Wedding photography lenses. The choice of focal length can affect the way your wedding images look. Retouching cannot change the length of a lens and create the “look” of another.
Many wedding photographers carry a bunch of lenses, some carry just one lens that zooms. Depending on the photographer the kit will vary. Obviously, you’d want to cover as many shooting scenarios as possible and be well equipped for the day. You may be comfortable with the wide zoom, or a fancy compact and fixed aperture and wide angle.
I’ve been reading of a technique used by photographers to get a bit of extra zoom in their shots. It involves sticking to a smaller lens. They have a large sensor in the camera and can, therefore, afford some digital zoom, or cropping to get the effect of a zoom. This sacrifices a bit of resolution but with big sensors today this works out fine right? Wrong!
Trying to fake the zoom with digital doesn’t recreate that effect of a longer zoom length lens. Sure it is way more convenient but the results don’t stack up. If you want a movie style, glossy magazine professional look, the 85mm or larger length lens is your man. Good wedding portraits and flattering shots come from longer length lens, Fact! – Check all those photography books, yes remember those books!
Many modern weddings are held at locations where it is almost impossible to avoid signage, warnings, health and safety notices, wires and distractions. To help avoid the post-processing and removal of all this clutter, shooting with an 85mm prime (fast) lens or wide aperture with help. It will blur the background and reduce the clutter or eliminate it altogether. Of course the bigger the focal length lens the further back you have to stand. Planning the shots before the event will help here. Simply turning up and hoping, is the reason for so much retouching afterwards.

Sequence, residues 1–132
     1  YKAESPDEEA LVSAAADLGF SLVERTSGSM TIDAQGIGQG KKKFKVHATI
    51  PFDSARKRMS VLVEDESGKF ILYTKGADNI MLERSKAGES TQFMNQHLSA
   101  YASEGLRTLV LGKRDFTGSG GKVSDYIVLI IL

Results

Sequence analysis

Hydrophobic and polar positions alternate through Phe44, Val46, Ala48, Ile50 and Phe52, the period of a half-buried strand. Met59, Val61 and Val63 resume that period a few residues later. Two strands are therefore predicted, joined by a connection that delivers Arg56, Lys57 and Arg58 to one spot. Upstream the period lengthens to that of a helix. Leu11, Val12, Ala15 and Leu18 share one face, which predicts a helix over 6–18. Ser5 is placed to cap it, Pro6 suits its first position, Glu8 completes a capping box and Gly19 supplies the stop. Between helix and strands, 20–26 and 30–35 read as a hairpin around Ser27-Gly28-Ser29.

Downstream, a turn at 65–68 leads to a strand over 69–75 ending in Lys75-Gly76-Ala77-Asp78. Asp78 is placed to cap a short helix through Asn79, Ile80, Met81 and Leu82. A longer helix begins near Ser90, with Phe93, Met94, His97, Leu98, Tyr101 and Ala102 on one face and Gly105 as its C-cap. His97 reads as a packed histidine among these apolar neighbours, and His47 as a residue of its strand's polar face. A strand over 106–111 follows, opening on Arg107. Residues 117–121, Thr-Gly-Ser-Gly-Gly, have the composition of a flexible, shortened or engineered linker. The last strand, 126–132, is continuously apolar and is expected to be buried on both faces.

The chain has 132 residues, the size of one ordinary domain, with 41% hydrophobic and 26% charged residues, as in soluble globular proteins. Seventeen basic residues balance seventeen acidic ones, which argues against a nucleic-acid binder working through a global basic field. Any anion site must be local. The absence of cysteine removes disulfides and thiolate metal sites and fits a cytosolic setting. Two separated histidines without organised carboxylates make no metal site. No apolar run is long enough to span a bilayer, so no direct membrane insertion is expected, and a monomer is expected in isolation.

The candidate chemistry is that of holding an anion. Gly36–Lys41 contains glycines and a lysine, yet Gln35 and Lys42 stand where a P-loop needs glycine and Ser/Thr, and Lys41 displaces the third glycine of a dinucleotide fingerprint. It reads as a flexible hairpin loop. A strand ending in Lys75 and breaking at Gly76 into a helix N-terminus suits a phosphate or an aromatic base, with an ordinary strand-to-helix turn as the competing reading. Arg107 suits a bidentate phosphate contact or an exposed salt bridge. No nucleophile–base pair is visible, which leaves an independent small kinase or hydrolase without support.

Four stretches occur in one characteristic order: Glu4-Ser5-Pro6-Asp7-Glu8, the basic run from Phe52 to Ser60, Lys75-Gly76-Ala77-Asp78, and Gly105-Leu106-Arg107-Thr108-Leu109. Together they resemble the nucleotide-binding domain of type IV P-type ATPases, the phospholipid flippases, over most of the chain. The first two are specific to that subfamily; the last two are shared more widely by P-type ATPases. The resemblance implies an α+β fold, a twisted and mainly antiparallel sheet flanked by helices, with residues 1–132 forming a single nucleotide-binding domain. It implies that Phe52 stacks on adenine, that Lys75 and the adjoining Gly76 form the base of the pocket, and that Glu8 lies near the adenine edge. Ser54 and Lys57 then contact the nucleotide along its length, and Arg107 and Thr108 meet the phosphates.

Photographers often take a spare lens in case their “super” main lens stops working. Everyone is so dependent on “autofocus” lenses! One article I read noted, that when a photography student was handed a manual focus lens and body, they had no idea what to do! Non-auto lenses don’t fail, getting back to basics will cut the amount of kit and improve your photography. Reliability won’t be an issue and it will bring confidence back to your shooting. Just focus, make sure the aperture is appropriate to get everything covered, plus a bit either side in the focus “zone” and wait for the action!
Maybe I’m missing an awful lot in my rant about wedding photography lenses, but there are some sound points I’m trying to make. Don’t expect pro portrait style results with wide angles and don’t get into the mindset that everything can be fixed in “post production”! Wedding retouching is only ever as good as the photo to start with. Making a professional look image from a wide angle, happy go lucky snap is not going to happen.
I’ll be happy to discuss what is possible with any shot but as with anything too bad, trying to make a silk purse from a sow’s ear, fails every time.